Eight minutes may sound like a long time but Wild Places takes four so I really had to focus on the balance. I focussed on my six favourite TrailRider pictures and wove a web around them.
This is what I said - unusually for me it is all written out. It was handed in early for translation..
Few walking tracks are too difficult for the TrailRider as we just saw. Provided you have the right Sherpa team.
Here we see a team of five – the rider/pilot/passenger is part of the team. Together they work their way over boulders, logs and steps. There is a lot of talking, a lot of trust, a lot of shared exhilaration when the top is reached.
Academic studies in Canada have explored the mutual benefit but clearly I am the winner. How else could I be here?
The real meaning to each individual rider will be as varied as the riders themselves but a recent outing for me in the Grampians National Park brought me face-to-face with this creature.
Strangely this Shingleback Lizard crossed the track just as I was telling the tale of a previous encounter.
I have read of a blind rider whose delight was the smell of the forest.
Which brings me to one of my all time favourite TrailRider pictures that doesn’t even have a TrailRider in it!
Canadian Pippa Blake and her fit and willing family made it to the Everest Base Camp in 2007.
Of course she needed her normal wheelchair in camp at night and of course it was carried by a Sherpa.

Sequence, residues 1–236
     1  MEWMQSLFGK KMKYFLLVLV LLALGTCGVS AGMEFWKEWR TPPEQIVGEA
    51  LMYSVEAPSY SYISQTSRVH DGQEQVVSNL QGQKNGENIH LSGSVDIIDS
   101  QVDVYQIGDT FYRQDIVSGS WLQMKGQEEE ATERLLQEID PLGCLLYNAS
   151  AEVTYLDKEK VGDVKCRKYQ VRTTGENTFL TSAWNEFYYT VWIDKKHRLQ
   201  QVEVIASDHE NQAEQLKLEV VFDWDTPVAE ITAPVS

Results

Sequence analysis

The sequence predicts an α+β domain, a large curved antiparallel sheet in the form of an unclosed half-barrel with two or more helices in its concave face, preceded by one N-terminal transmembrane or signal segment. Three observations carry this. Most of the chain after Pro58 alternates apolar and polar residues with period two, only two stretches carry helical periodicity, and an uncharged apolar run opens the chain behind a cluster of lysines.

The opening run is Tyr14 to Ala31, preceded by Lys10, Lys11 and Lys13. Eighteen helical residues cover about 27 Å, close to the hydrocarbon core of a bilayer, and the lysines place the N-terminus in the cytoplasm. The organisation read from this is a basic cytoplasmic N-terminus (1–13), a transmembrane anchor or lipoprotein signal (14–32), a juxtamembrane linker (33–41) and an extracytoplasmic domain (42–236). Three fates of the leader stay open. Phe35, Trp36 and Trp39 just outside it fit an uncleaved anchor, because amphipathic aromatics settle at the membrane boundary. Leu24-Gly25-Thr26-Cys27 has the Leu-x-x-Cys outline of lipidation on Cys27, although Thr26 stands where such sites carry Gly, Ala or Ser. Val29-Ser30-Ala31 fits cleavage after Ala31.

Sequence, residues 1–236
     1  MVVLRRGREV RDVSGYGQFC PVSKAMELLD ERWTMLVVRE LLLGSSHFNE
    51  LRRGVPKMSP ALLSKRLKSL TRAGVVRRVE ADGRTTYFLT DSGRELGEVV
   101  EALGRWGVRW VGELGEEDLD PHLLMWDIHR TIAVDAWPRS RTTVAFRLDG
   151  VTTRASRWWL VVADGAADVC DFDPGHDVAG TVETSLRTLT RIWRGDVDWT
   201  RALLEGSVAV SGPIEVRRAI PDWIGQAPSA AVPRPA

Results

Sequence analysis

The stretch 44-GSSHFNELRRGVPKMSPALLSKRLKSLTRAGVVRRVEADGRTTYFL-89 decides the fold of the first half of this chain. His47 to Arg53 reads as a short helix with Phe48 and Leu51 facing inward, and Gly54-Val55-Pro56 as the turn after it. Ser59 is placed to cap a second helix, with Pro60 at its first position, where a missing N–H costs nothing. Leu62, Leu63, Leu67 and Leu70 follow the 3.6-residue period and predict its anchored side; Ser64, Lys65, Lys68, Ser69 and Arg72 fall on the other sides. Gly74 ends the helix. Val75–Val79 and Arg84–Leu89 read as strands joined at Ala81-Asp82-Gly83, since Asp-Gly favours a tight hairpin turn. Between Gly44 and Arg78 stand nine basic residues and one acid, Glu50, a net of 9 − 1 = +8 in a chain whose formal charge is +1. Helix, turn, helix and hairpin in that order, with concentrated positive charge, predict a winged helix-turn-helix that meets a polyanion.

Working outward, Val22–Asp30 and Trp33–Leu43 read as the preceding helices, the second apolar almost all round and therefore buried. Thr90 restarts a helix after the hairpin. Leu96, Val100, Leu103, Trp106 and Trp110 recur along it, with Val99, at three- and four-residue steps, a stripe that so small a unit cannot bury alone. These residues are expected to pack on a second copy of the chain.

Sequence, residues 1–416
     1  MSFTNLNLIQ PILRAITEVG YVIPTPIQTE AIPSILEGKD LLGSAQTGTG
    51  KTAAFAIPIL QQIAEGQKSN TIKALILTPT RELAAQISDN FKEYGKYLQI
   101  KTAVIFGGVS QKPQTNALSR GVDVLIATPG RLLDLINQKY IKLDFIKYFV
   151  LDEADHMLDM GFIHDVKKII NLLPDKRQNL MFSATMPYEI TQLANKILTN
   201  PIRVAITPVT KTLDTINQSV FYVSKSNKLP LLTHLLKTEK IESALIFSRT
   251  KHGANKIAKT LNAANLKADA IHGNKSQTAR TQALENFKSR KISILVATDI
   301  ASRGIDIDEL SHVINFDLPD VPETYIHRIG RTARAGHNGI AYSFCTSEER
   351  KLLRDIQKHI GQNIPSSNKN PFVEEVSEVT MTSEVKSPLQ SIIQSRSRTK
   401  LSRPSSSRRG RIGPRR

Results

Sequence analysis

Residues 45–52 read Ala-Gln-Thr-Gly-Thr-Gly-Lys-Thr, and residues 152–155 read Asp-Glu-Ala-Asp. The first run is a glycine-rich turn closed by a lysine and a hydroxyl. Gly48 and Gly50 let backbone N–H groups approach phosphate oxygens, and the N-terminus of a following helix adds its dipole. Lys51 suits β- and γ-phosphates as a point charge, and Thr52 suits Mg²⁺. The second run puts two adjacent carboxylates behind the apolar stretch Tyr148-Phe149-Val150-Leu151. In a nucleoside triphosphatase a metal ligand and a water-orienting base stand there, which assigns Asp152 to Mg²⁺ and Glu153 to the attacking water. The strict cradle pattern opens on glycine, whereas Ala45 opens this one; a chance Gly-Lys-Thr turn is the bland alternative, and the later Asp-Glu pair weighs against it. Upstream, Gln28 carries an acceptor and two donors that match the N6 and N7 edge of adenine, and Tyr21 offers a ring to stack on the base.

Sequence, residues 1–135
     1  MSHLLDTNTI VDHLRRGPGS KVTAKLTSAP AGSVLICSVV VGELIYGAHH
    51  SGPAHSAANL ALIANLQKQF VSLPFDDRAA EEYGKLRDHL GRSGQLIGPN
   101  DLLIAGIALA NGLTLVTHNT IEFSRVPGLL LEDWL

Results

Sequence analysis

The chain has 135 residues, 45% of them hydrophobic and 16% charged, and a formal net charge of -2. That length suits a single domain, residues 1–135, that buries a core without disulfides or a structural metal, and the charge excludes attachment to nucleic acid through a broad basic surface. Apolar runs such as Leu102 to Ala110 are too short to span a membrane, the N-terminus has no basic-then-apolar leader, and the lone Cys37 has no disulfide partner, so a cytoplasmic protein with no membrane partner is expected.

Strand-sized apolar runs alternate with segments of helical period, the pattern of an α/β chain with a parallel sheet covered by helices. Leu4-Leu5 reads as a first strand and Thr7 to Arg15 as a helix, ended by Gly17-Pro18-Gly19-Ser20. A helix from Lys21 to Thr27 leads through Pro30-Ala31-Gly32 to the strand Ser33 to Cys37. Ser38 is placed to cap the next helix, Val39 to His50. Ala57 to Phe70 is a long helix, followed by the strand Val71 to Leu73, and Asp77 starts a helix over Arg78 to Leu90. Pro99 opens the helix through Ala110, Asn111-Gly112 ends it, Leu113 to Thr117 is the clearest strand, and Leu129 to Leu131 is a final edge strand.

Parks Victoria have been amazing. As I act out my role of TrailRider Advocate I have interacted with parks organisations in other States. Parks Victoria are way ahead with their “Healthy Parks, Healthy People” focus, making disabled access a high and visible priority.
Behind this picture of Ros and me on the Great Ocean Walk, was Parks Victoria making sure that recent trail upgrades worked for the TrailRider
Which really brings us back to Canada and the beginning of the love affair. Ros’ picture of me, my son and his friend is the one we first showed to Parks Victoria
Having a TrailRider chair is just the beginning of the story. Sherpas, volunteers who are themselves bush enthusiasts, are an essential part of making it possible for the isolated disabled person to get out there.
This picture says it all. Pippa Blake again. Looking at this I feel a fraud on the Adventurers Panel. This is a real adventure - to be high amongst the glittering peaks. To breath the thin air. To be disabled yet enabled. That is the power of he TrailRider idea and the genius of making them freely available in Parks